It’s a ram raid! Police herd breakaway sheep off fast road

PC Graham Brooks with the sheep in Bexwell, near Downham Market. Picture: PC ROD MORRISON

PC Graham Brooks with the sheep in Bexwell, near Downham Market. Picture: PC ROD MORRISON - Credit: Archant

They are more used to catching criminals on the run than dealing with fugitive livestock.

But two police officers were left feeling a little bit sheepish after breakaway sheep made a run for it on a fast rural road.

PCs Rod Morrison and Graham Brooks might have expected to be dealing with a different kind of ram raid when they got the call to Downham Road in Bexwell, near Downham Market, at around 7.15am on Wednesday, June 20.

Instead of chasing a potential suspect, the pair found themselves closing the road in a bid to trap the sheep and herd them back to safety after the animals made a run for it when their farm's electric wire fencing broke.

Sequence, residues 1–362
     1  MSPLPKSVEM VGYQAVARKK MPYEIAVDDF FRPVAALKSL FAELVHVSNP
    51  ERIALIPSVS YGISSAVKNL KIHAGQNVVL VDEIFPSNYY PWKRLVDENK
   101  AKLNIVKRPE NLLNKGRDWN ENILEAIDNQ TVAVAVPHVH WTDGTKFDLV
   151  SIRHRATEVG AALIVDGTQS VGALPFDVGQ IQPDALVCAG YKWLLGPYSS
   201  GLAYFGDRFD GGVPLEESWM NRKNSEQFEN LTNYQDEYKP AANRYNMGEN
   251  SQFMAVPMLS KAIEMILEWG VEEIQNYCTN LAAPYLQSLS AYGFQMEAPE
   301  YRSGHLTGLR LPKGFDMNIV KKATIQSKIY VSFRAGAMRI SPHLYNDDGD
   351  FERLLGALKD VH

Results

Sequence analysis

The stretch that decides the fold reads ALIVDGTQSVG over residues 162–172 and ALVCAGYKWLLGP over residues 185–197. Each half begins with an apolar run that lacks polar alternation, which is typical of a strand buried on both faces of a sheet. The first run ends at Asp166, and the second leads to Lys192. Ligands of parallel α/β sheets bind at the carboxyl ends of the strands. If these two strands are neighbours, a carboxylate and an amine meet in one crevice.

The ensuing scene was more like something from a Benny Hill programme than the movie Police Academy, with the PCs forming a circle around the sheep and moving in ever closer whilst holding their arms out to try and usher them back to the field.

'One of them went through the gap and then we had to start all over again,' PC Morrison said.

'A bit of Benny Hill music would've done quite well.'

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And their skills rounding up animals were tested again later in the day, when the sheep made two more bids for escape - one a couple of hours later and one later that afternoon.

The fences at Bexwell have now been fixed, meaning the sheep should be kept safely from the road in future.

Although many people will see the funny side, the incident showed the variety of what police officers have to deal with on a daily basis - particularly in a rural county such as Norfolk.

'We're called out on quite a frequent basis to goats, horses or geese in the road,' PC Morrison said.

'If there is an obstruction in a road with a speed limit of 40mph or more, we have to respond because the effects can be damage to vehicles or even threats to life.'

Landowners are usually allowed a few chances if their animals do escape but if escapes happen repeatedly, PC Morrison said it could be escalated to organisations like the RSPCA.

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